Entertainment union BECTU is calling on the BBC to ensure it has a management culture that “supports those who report wrong-doing” following the Jimmy Savile abuse scandal.
Responding to the controversy surrounding the BBC in the wake of the Savile revelations, BECTU said the Corporation must move away from its current set-up, which it claims “often leaves those raising grievances feeling punished and ostracised”.
BECTU general secretary Gerry Morrissey said: “The horrors of the Savile scandal leave everyone in a state of disbelief that this persistent abuse went unreported for close to 50 years. We all have a responsibility to ensure the culture at the BBC and elsewhere is open to listening and acting on reports of wrong-doing irrespective of an individual’s status in the organisation and of his or her gender, race, sexuality or class.”
He added: “Our members want to see renewed commitments in practice to deliver equality and dignity in the workplace.”
Following the claims against Savile relating to when he was working at the BBC, the Corporation has announced three reviews, including one that will assess the “culture and practices of the BBC during the years that Jimmy Savile worked at the BBC”.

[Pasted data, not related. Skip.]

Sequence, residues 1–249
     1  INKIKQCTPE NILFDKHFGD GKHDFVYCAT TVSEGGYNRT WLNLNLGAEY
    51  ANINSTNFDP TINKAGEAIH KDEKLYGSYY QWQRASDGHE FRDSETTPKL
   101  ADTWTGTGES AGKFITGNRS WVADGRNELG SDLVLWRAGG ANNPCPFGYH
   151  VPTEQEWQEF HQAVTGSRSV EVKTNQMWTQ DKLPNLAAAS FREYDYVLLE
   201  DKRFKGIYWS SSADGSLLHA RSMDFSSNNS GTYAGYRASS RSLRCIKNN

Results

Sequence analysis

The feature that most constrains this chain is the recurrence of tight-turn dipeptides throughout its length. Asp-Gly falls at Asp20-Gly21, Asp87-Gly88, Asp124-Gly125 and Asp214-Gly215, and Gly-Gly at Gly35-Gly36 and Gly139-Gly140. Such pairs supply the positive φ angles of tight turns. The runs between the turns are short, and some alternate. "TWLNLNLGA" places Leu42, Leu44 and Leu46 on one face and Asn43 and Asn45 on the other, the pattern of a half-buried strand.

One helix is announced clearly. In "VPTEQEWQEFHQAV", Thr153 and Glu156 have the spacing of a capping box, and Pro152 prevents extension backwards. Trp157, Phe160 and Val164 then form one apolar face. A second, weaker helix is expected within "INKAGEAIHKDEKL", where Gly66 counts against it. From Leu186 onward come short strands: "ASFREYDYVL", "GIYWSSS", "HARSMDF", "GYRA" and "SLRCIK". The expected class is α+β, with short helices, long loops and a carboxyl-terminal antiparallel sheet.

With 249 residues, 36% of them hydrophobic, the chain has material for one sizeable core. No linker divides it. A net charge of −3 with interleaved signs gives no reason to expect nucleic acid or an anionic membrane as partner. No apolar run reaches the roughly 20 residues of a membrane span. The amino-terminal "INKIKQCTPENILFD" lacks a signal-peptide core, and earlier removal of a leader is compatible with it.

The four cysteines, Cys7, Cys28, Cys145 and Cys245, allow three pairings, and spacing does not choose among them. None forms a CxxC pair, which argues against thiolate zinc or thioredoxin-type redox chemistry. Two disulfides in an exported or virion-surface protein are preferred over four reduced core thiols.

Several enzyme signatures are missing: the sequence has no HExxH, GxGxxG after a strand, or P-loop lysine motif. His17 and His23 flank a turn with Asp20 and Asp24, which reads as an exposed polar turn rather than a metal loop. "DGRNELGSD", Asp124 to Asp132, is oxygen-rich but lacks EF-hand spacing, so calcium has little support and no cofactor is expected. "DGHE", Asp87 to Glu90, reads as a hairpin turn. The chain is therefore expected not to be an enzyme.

This review, led by Janet Smith, will also examine whether the BBC’s child protection and whistleblowing policies are “fit for purpose”.
In addition, the Corporation has announced a third review, which will look at its policies and procedures relating to sexual harassment.
BECTU said it would be providing evidence to the BBC reviews and echoed the Corporation’s calls for staff with information on sexual harassment and abuse to report it to the union.
BECTU added it was currently looking at its own files to see what information it holds that could be used in the BBC’s inquiries.
Meanwhile, former children’s minister Tim Loughton has called for better protection of children working in the theatre and on TV.
He said he would be introducing a Private Member’s Bill to the House of Commons aimed at improving regulations around the employment of children in the entertainment industry.
His calls were backed by Labour MP Stephen Twigg, who said there was a need to “develop appropriate measures to protect young people working in those industries”.
“We will consult with the media and entertainment industries and with local authorities to get this right, but it must be a priority,” he said.